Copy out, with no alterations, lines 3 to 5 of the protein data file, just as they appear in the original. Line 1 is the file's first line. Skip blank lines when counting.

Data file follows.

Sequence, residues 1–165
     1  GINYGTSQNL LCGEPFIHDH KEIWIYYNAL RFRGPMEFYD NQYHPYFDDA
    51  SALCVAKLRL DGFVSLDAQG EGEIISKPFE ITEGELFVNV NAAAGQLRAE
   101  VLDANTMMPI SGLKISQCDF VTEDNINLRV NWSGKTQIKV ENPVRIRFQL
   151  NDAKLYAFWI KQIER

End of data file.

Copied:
    51  SALCVAKLRL DGFVSLDAQG EGEIISKPFE ITEGELFVNV NAAAGQLRAE
   101  VLDANTMMPI SGLKISQCDF VTEDNINLRV NWSGKTQIKV ENPVRIRFQL
   151  NDAKLYAFWI KQIER